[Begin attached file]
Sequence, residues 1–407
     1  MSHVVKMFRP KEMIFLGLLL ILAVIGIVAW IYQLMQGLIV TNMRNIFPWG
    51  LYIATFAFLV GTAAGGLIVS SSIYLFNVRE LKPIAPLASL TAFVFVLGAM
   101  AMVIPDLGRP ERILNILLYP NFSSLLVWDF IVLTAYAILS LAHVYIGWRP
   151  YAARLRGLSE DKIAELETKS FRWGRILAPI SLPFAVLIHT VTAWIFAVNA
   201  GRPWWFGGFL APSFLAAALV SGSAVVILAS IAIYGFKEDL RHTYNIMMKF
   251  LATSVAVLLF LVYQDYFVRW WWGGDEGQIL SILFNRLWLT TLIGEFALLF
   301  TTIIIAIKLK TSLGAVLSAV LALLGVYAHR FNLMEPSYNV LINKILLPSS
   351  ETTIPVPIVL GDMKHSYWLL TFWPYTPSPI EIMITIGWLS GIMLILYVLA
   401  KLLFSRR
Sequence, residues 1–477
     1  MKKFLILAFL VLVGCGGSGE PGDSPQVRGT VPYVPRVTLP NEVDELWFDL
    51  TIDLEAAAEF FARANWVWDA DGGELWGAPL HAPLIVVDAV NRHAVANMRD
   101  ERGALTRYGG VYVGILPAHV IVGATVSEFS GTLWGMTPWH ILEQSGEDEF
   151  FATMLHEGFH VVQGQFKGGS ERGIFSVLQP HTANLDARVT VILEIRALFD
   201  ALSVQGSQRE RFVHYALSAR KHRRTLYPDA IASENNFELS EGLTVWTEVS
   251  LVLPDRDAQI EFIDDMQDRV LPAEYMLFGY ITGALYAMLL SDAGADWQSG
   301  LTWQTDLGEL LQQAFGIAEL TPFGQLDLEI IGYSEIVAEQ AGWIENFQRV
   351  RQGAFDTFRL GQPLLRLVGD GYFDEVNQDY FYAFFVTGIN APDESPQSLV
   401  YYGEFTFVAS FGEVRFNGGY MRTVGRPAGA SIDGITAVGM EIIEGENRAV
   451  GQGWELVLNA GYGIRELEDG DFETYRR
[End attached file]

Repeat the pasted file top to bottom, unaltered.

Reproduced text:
Sequence, residues 1–407
     1  MSHVVKMFRP KEMIFLGLLL ILAVIGIVAW IYQLMQGLIV TNMRNIFPWG
    51  LYIATFAFLV GTAAGGLIVS SSIYLFNVRE LKPIAPLASL TAFVFVLGAM
   101  AMVIPDLGRP ERILNILLYP NFSSLLVWDF IVLTAYAILS LAHVYIGWRP
   151  YAARLRGLSE DKIAELETKS FRWGRILAPI SLPFAVLIHT VTAWIFAVNA
   201  GRPWWFGGFL APSFLAAALV SGSAVVILAS IAIYGFKEDL RHTYNIMMKF
   251  LATSVAVLLF LVYQDYFVRW WWGGDEGQIL SILFNRLWLT TLIGEFALLF
   301  TTIIIAIKLK TSLGAVLSAV LALLGVYAHR FNLMEPSYNV LINKILLPSS
   351  ETTIPVPIVL GDMKHSYWLL TFWPYTPSPI EIMITIGWLS GIMLILYVLA
   401  KLLFSRR
Sequence, residues 1–477
     1  MKKFLILAFL VLVGCGGSGE PGDSPQVRGT VPYVPRVTLP NEVDELWFDL
    51  TIDLEAAAEF FARANWVWDA DGGELWGAPL HAPLIVVDAV NRHAVANMRD
   101  ERGALTRYGG VYVGILPAHV IVGATVSEFS GTLWGMTPWH ILEQSGEDEF
   151  FATMLHEGFH VVQGQFKGGS ERGIFSVLQP HTANLDARVT VILEIRALFD
   201  ALSVQGSQRE RFVHYALSAR KHRRTLYPDA IASENNFELS EGLTVWTEVS
   251  LVLPDRDAQI EFIDDMQDRV LPAEYMLFGY ITGALYAMLL SDAGADWQSG
   301  LTWQTDLGEL LQQAFGIAEL TPFGQLDLEI IGYSEIVAEQ AGWIENFQRV
   351  RQGAFDTFRL GQPLLRLVGD GYFDEVNQDY FYAFFVTGIN APDESPQSLV
   401  YYGEFTFVAS FGEVRFNGGY MRTVGRPAGA SIDGITAVGM EIIEGENRAV
   451  GQGWELVLNA GYGIRELEDG DFETYRR